Metallic Bicycle Components

Length: 5 weeks (1 introductory lecture, 3 practical sessions, 2 group sessions and a presentation session)

Level: 2nd year Sports and Materials Science course

Aims: To illustrate why given materials are used for a particular application. To give students the opportunity to produce and analyse experimental data in conjunction with carrying out independent research on the topic. To help them to understand and interpret microstructures in relation to material properties.

Key skills: Group work, presentation skills, time management

Assessment: Group report and presentation and an individual executive summary



This is a group-based case study that investigates a number of bicycle components; frames, spokes and rims.  A range of metallic components have been obtained and prepared for experimental analysis.  You are expected to carry out practical work in

Optical Microscopy

Scanning Electron Microscopy

Hardness Testing

You are also expected to carry out independent research on the topic.

Session 1

Introductory lecture

Background information

Group allocation

Practical Sessions

Due to time lab size restrictions, it is not possible for all students to attend all the experimental sessions. To tackle this problem, each experimental session is limited to two members from each group and different pairs are required for each session. This ensures that all students attend at least one practical session. Each group then has access to a complete set of experimental data, but this depends on good group management and communication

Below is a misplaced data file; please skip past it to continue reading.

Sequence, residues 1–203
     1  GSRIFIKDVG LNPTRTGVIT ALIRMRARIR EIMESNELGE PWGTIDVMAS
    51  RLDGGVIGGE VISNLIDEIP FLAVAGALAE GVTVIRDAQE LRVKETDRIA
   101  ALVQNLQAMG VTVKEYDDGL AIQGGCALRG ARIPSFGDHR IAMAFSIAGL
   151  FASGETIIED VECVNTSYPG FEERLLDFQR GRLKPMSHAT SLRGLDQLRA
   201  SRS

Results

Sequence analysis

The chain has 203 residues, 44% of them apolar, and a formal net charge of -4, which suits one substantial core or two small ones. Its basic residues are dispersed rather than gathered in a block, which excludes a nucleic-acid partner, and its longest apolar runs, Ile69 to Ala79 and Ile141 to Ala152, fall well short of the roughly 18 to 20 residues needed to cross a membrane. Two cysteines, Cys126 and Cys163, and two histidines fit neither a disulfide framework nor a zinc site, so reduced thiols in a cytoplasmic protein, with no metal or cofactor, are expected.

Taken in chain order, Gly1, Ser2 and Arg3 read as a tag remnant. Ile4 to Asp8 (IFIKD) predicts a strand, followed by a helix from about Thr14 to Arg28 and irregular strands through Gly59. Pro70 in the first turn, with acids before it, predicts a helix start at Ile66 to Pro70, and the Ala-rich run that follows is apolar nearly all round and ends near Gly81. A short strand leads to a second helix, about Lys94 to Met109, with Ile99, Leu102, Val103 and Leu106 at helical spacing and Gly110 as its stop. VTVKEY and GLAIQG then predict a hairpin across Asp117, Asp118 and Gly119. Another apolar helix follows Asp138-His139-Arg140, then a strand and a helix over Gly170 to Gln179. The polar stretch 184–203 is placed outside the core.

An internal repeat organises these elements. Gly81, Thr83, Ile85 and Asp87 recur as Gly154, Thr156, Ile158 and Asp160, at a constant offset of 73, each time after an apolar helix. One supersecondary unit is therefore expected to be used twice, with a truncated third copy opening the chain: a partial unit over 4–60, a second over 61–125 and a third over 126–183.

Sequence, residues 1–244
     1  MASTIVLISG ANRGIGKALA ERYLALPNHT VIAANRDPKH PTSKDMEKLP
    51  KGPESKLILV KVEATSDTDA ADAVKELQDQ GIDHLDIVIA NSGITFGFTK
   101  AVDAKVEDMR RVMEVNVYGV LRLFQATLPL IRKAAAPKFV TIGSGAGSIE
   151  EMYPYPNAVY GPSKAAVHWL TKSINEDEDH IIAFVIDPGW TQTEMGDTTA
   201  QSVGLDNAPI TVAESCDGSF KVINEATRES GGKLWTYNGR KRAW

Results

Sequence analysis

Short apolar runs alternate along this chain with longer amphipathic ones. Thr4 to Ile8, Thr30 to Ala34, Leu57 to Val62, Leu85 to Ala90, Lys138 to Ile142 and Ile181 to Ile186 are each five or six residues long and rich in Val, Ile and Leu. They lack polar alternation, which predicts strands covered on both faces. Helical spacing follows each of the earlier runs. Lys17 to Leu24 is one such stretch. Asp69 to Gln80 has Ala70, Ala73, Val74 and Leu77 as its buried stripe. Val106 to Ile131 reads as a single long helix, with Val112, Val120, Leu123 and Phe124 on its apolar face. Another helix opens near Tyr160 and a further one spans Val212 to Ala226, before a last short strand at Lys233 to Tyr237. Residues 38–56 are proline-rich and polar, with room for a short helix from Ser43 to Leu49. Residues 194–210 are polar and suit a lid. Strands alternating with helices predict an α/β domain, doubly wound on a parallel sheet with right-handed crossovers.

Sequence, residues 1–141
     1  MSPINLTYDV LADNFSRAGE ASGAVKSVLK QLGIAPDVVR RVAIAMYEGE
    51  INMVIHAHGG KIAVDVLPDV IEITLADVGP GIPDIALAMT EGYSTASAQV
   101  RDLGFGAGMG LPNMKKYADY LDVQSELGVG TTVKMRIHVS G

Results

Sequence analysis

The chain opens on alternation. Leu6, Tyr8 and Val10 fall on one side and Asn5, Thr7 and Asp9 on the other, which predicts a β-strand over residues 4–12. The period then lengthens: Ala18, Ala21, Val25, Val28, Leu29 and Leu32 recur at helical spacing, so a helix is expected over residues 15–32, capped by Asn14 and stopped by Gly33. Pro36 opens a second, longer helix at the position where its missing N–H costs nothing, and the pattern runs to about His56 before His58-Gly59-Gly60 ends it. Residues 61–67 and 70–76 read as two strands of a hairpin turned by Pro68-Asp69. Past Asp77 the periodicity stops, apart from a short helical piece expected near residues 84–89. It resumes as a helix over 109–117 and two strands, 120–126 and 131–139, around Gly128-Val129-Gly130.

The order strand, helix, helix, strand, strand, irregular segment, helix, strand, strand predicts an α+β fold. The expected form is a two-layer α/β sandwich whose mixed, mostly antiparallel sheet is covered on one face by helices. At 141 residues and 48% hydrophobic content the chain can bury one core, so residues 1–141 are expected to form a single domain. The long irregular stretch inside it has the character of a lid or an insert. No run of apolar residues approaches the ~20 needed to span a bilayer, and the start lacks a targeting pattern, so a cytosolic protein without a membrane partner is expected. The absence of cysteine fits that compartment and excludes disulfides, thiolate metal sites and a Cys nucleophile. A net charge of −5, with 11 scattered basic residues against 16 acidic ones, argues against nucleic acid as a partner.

Maximum 4 people per session

Maximum of 2 groups per session

Maximum of 2 people from each group

Bring a floppy disc

Group Session

All group will attend this session, and are expected to produce an A4 sheet outlining the progress of the group.  A 10 minute interview will be conducted with all group members and an attendance sheet will be used.  Marks will be lost for not attending.  The aims of the group sessions are as follows:

To ensure that progress is being made.

To enable appointments to be made with post-graduate students to answer specific technical questions.

To provide an opportunity for the group to meet and detail activities for the following week.

To ensure the egalitarian operation of groups.

Tasks

Explain why given materials are used for a particular application. 

Produce and analyse experimental data in conjunction with carrying out independent research on the topic.

Interpret microstructures in relation to material properties

Assessment

Each group must submit a single written report addressing the above tasks and summarising the main findings and conclusions drawn. The report is to be 1500 words long (about 4 pages) not including diagrams. Each group must also give a 10 minute presentation (40% of the case study mark). Ensure you introduce who you are and the main areas of your talk. Finish with a slide showing the main conclusions. Click for tips on presentations and reports.